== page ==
|Updated: 10/10 1:09 pm
||Published: 10/10 12:55 pm
Keystone's Vice President says there are two primary benefits to the pipeline: energy independence for North America and jobs that are already impacting hundreds of workers.
“Over 40,000 direct and indirect jobs associated with the project,” Corey Goulet said citing a March release by the State Department.
The Keystone VP says as many as 400 workers from Tulsa's Pipeliners Union are working on the Gulf Coast project that he says is about 95% done and will transport American and Canadian oil from Cushing, Oklahoma to Texas refineries.
“This local union has about 7,000 members, so if you can image, we've put 5% of those workers to work in the last 14 months or so,” Goulet estimates.
Opponents of the pipeline say those are only temporary construction jobs, and once finished, few positions will be left.
Ricky Jones, union member, says, “There's always temporary jobs and there's always construction. Everything around you has been built, and everybody who built it ain't there no more.”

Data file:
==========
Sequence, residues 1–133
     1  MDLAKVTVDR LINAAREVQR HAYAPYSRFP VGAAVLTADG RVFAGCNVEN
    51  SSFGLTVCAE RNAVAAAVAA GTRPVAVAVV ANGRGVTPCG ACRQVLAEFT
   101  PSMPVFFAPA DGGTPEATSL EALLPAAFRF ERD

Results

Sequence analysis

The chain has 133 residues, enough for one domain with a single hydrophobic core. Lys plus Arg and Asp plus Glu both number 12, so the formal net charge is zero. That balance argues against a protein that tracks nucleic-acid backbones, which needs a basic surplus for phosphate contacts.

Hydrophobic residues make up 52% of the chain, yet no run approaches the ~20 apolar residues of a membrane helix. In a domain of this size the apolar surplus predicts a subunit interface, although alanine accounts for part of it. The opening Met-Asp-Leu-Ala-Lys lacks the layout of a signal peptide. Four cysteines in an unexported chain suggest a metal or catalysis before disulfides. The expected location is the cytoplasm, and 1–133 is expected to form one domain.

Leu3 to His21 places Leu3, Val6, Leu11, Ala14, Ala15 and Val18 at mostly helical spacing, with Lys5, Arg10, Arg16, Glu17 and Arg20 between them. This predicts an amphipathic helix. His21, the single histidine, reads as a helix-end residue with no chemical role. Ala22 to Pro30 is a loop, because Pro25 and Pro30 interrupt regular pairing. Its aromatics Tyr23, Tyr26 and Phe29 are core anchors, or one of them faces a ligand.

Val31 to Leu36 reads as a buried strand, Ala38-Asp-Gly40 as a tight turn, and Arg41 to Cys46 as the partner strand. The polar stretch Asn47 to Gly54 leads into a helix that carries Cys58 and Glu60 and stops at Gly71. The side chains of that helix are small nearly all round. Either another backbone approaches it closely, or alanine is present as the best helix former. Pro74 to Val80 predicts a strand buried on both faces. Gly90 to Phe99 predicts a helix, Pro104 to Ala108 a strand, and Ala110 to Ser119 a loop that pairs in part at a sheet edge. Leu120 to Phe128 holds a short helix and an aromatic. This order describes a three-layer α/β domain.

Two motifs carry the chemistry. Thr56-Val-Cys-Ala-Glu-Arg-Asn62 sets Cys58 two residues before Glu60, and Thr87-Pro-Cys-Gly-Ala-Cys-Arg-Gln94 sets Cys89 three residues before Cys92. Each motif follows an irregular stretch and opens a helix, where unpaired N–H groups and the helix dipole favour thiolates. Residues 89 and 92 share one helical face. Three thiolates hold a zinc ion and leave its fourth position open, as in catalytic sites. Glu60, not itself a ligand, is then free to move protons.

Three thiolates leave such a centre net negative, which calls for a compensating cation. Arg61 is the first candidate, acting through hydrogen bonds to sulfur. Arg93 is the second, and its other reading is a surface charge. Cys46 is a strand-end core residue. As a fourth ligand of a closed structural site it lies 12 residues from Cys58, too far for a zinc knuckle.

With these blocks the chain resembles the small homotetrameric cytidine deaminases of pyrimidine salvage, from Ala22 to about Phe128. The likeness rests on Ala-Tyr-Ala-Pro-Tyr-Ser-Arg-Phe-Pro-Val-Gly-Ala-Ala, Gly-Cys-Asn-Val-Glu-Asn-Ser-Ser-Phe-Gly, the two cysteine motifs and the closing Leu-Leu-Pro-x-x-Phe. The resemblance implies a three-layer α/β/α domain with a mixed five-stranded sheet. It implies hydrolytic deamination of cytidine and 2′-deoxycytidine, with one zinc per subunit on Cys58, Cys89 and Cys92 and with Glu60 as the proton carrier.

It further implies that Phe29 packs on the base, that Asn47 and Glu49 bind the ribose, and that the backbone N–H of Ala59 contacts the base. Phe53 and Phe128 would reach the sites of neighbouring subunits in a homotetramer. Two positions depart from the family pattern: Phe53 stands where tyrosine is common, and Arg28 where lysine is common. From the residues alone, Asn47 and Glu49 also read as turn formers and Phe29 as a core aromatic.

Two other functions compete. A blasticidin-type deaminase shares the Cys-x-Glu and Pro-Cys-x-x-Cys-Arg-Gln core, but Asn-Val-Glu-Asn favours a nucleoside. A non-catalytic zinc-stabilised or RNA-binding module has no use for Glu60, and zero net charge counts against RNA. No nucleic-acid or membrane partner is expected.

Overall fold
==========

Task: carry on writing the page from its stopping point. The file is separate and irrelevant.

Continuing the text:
Jones has worked in the industry for nearly 40 years and says that's not an issue.
“Even if we're only talking about 1,500 or 2,000 temporary jobs, you're talking about jobs that are five times the minimum wage,” he tells FOX23.
Earlier this week FOX23 reported protestors in Boston cited potential adverse effects on the environment.
Jones tells us those were concerns for the Alaska pipeline years ago.
“They're raising the bar as high as they can to give the public security to make them realize they're doing everything they can to make this the safest, most high tech pipeline ever laid.”
And regarding the argument about the pipeline’s effects on gas prices, Jones say, “Whether gas prices go up or down, America will be more prosperous over all, that's inevitable.”
Goulet tells FOX23 gas prices are dependent on a number of factors, but he says the pipeline would increase the supply of crude oil, likely leading to lower gas prices over the long term.